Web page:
populations into the area. Linguistic evidence suggests that ancestral-
Penutian speaking groups related to modern day Miwok, Nisenan, and 
Patwin groups occupied the region during the Middle (550 B.C.-A.D. 
1100) and Late (A.D. 1100--Historic) Horizons, with some admixing 
between these groups and Hokan-speaking groups that occupied the region 
at an earlier date. The genetic data suggests that the Penutians may 
have arrived later than suggested by the linguistic evidence.
    Geographical data from ethnohistoric and ethnographic sources 
indicate that the site was most likely occupied by Nisenan-speaking 
groups at the beginning of the Historic Period, while Patwin-speakers 
occupied the valley west of the Sacramento River and Miwok-speakers 
resided south of the American River. Ethnographic data and expert 
testimony from tribal representatives support the high level of 
interaction between groups in the lower Sacramento Valley and Delta 
regions that crosscut linguistic boundaries. Historic population 
movements resulted in an increased level of shifting among populations, 
especially among the Miwok and Nisenan, who were impacted by disease 
and Euro-American activities relating to Sutter's Fort and later gold-
rush activities.
    In summary, officials of California State University, Sacramento, 
together with the University's College of Social Sciences and 
Interdisciplinary Studies Committee on Native American Graves 
Protection and Repatriation Act Compliance (SSIS NAGPRA Committee), 
reasonably believe that the ethnographic, historical, and geographical 
evidence indicates that the historic burials and cultural items 
recovered from Site CA-SAC-16 are most closely affiliated with 
contemporary descendants of the Nisenan, and have more distant ties to 
neighboring groups, such as the Plains Miwok. Furthermore, the earlier 
cultural items from the Middle and Late Horizons share cultural 
relations with the Nisenan and Plains Miwok based on archeological, 
biological, and historical linguistic evidence.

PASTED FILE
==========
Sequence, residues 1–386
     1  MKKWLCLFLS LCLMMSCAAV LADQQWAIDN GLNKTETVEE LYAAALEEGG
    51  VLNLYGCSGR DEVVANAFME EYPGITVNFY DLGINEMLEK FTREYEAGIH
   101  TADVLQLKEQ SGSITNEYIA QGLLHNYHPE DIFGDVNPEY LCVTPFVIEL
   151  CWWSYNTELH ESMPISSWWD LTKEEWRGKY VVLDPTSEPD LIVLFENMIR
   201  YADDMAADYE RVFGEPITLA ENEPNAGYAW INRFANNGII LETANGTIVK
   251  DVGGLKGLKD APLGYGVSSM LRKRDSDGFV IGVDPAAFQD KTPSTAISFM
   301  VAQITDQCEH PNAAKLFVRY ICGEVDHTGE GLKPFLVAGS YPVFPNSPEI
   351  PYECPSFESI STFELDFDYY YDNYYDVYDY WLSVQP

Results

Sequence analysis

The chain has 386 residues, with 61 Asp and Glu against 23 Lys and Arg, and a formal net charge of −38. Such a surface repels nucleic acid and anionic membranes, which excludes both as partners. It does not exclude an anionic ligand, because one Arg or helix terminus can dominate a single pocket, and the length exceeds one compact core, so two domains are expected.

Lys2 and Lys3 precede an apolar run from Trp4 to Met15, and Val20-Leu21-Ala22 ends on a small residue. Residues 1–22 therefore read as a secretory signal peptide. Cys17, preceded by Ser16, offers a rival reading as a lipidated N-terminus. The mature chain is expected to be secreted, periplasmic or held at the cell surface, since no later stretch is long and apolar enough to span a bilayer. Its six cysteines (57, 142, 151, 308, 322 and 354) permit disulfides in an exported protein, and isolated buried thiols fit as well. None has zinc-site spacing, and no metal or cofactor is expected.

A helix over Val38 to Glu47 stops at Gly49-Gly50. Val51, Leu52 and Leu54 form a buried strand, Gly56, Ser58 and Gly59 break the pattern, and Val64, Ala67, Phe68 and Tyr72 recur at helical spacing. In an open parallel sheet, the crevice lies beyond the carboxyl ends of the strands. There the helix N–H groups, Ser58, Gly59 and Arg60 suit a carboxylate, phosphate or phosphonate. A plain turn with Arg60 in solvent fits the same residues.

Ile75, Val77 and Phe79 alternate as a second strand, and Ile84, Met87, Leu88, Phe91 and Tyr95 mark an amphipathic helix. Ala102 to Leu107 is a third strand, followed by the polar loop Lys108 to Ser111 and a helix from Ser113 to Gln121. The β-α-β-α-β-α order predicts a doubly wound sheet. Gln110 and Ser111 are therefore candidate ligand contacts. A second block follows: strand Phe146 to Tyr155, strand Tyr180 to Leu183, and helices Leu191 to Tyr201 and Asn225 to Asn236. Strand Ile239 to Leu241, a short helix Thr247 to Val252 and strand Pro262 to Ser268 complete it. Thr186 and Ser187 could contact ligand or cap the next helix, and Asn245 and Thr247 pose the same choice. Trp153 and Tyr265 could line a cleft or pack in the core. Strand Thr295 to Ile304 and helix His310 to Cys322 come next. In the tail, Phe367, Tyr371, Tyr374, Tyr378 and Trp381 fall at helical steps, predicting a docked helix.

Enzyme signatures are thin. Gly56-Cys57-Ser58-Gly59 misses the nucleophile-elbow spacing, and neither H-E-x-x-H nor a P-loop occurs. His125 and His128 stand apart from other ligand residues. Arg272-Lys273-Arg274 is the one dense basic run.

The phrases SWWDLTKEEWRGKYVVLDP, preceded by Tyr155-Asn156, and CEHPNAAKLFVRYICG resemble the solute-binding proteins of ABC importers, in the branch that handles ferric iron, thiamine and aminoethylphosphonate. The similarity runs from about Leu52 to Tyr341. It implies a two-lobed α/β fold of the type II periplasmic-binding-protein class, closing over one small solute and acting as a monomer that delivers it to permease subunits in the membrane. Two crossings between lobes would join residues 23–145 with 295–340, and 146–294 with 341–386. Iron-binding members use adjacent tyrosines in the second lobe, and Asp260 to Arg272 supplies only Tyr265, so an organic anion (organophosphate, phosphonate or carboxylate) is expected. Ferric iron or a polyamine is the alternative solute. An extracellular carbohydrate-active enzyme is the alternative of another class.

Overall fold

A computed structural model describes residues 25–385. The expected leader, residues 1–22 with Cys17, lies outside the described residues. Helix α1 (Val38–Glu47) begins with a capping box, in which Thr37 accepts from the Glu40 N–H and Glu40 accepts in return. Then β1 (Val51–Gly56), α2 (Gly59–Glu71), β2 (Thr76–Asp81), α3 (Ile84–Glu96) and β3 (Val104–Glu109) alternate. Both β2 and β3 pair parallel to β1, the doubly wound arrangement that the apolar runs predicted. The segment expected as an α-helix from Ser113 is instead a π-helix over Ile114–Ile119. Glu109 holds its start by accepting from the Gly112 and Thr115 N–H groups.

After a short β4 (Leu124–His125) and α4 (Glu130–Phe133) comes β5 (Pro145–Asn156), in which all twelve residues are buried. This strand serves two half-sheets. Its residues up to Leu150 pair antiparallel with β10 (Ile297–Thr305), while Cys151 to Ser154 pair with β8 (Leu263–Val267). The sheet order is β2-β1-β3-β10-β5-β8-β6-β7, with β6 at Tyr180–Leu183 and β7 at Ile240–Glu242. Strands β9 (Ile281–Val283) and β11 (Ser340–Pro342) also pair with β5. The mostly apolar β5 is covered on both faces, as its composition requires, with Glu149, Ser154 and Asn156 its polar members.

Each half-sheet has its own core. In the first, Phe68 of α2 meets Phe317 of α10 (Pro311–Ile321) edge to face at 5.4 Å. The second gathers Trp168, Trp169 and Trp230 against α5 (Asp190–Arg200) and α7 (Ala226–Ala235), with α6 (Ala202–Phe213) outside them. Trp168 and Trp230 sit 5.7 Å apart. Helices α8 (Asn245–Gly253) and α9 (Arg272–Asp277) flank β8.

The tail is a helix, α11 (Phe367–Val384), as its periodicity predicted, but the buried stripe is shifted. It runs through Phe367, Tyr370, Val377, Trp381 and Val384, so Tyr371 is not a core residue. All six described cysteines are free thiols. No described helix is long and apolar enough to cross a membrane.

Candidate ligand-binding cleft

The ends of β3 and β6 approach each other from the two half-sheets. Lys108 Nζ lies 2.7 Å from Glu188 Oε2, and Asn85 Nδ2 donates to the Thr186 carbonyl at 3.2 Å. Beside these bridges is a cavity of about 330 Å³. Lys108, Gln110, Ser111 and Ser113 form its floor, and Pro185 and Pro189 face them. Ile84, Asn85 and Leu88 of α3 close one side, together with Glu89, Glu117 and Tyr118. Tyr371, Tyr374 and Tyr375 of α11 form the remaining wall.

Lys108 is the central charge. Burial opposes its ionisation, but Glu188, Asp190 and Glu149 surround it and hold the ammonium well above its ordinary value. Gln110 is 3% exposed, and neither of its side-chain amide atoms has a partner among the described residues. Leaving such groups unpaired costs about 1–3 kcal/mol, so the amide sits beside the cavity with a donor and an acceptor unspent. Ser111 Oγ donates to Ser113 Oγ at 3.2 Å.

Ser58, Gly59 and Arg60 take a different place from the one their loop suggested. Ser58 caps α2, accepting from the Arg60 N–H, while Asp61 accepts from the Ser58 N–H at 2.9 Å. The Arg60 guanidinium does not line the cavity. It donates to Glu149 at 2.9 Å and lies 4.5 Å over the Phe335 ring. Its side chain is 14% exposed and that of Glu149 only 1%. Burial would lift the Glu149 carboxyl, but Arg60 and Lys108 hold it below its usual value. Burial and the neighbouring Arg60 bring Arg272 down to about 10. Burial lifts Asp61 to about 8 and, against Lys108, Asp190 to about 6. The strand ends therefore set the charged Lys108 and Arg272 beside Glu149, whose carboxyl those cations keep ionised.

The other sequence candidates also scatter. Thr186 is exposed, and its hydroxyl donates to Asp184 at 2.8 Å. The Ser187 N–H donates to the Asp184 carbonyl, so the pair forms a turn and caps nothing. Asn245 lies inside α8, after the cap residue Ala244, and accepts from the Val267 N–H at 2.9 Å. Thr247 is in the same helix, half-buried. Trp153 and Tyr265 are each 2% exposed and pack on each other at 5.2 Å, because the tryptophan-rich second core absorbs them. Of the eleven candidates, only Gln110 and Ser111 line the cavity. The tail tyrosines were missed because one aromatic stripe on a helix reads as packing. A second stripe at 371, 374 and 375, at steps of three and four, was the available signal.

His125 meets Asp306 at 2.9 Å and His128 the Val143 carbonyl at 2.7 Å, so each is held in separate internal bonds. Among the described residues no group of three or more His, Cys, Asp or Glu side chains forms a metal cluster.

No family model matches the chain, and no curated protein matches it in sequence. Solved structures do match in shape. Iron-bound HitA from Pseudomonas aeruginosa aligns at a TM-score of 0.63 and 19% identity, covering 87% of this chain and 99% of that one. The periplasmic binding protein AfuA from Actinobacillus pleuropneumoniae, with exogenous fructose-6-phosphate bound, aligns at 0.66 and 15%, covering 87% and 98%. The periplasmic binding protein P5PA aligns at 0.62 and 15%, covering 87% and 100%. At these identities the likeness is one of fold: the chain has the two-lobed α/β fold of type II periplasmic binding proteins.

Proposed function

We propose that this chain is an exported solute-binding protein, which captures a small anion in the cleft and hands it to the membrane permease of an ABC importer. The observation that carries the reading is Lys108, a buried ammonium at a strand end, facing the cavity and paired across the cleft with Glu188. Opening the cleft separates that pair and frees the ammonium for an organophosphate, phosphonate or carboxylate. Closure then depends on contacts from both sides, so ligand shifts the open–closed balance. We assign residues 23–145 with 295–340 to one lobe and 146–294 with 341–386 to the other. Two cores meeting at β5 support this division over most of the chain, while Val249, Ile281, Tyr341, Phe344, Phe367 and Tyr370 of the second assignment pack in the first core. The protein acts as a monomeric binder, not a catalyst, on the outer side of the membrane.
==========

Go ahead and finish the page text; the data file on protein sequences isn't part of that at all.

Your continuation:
Officials of California State University, Sacramento, have 
determined, pursuant to 25 U.S.C. 3001(3)(B), that the 527 cultural 
items described above are reasonably believed to have been placed with 
or near individual human remains at the time of death or later as part 
of the death rite or ceremony and are believed, by a preponderance of 
the evidence, to have been removed from a specific burial site of 
Native American individuals. Officials of California State University, 
Sacramento, have determined, pursuant to 25 U.S.C. 3001(2), that there 
is a relationship of shared group identity that can be reasonably 
traced between the unassociated funerary objects and the Buena Vista 
Rancheria of Me-Wuk Indians of California; Ione Band of Miwok Indians 
of California; Shingle Springs Band of Miwok Indians, Shingle Springs 
Rancheria (Verona Tract), California; United Auburn Indian Community of 
the Auburn Rancheria of California; and Wilton Rancheria, California, 
as well as the non-Federally recognized Indian groups of the El Dorado 
Miwok Tribe and Nashville-El Dorado Miwok.
    Representatives of any other Indian tribe that believes itself to 
be culturally affiliated with the unassociated funerary objects should 
contact Charles Gossett, Dean of the College of Social Sciences and 
Interdisciplinary Studies, CSUS, 6000 J St., Sacramento, CA 95819-6109, 
telephone: (916) 278-6504, before April 14, 2011. Repatriation of the 
unassociated funerary objects to the Buena Vista Rancheria of Me-Wuk 
Indians of California; Ione Band of Miwok Indians of California; 
Shingle Springs Band of Miwok Indians, Shingle Springs Rancheria 
(Verona Tract), California; United Auburn Indian Community of the 
Auburn Rancheria of California; and Wilton Rancheria, California, may 
proceed after that date if no additional claimants come forward.
    California State University, Sacramento, is responsible for 
notifying the Buena Vista Rancheria of Me-Wuk Indians of California; 
Cortina Indian Rancheria of Wintun Indians of California; Ione Band of 
Miwok Indians of California; Shingle Springs Band of Miwok Indians, 
Shingle Springs Rancheria (Verona Tract), California; United Auburn 
Indian Community of the Auburn Rancheria of California; Wilton 
Rancheria, California; and Yocha Dehe Wintun Nation, California, as 
well as the non-Federally recognized Indian groups of the El Dorado 
Miwok Tribe and Nashville-El Dorado Miwok that this notice has been 
published.

    Dated: March 9, 2011.
Sherry Hutt,
Manager, National NAGPRA Program.
[FR Doc. 2011-5855 Filed 3-14-11; 8:45 am]
BILLING CODE 4312-50-P